On ABC’s This Week, Fauci said he saw no need for a return to lockdowns, but said: “We’re looking to some pain and suffering in the future because we’re seeing the cases go up, which is the reason why we keep saying over and over again, the solution to this is get vaccinated and this would not be happening.”

As the highly contagious Delta variant spreads, Florida has become the new US epicenter of the virus, accounting for about one-fifth of new cases. The spike was a substantial leap from 17,093 the day before and surpassed the previous high, 19,334, set in January before vaccines became widely available.

Courthouses, theme parks and numerous businesses are again requiring the public to wear masks indoors. Disney World added a requirement that workers must be vaccinated; Universal Orlando Resort said all workers have to be masked indoors and that guests should follow CDC guidance.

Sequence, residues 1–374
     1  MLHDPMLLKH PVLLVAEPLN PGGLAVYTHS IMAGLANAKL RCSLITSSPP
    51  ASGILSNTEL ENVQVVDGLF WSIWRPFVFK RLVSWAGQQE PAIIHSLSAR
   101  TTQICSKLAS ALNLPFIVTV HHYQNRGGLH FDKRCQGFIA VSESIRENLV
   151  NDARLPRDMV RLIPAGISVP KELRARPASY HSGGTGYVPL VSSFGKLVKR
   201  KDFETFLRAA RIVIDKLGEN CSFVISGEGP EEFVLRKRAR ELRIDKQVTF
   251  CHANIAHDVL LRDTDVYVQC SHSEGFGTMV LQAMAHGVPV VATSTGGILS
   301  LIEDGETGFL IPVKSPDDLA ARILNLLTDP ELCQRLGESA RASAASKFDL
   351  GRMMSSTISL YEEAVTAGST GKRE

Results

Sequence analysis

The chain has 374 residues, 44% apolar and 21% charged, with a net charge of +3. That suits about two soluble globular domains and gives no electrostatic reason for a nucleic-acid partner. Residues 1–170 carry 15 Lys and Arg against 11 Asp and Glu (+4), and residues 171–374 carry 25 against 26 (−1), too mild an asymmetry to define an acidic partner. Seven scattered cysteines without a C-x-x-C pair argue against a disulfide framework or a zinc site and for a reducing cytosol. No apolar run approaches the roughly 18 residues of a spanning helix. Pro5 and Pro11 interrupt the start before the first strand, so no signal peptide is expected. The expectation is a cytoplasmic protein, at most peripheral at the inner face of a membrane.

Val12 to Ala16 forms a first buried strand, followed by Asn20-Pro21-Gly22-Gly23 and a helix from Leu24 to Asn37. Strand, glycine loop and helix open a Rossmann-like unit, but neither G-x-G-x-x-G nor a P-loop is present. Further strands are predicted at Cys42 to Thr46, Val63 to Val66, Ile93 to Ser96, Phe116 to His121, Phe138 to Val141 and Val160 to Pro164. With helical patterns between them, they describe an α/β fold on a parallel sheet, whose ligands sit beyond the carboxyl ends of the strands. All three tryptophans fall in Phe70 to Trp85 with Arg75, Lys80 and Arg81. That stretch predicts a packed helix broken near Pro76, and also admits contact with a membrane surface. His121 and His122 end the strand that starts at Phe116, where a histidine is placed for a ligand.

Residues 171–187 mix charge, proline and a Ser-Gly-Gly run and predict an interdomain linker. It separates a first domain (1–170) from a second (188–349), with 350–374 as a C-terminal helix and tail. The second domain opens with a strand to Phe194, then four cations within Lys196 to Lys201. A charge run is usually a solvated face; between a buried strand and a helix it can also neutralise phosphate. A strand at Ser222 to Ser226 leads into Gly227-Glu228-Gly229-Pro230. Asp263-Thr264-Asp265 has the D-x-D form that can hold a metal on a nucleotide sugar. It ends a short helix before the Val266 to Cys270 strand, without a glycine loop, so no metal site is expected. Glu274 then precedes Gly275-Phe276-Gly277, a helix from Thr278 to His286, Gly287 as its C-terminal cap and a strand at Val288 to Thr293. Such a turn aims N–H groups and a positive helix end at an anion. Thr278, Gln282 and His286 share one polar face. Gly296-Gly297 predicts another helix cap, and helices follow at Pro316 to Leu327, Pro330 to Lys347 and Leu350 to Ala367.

Florida ranks about halfway in vaccinations, with 48.8% of residents over 12 fully vaccinated and 57.5% having received at least one dose.

DeSantis has urged residents to get vaccinated but has mocked CDC guidance on masking and dismissed the surge as “seasonal”.

Hospitals say they are being overwhelmed by admissions mostly of younger unvaccinated patients. Over the last week, 409 Floridians have died of Covid-19, with the total above 39,000.

The previous record for Covid hospitalisations in Florida was set on 23 July 2020. Florida then had 10,170, according to the Florida Hospital Association. The state ileads the US in per capita hospitalisations. In the past week, it has averaged 1,525 adult and 35 pediatric hospitalisations a day.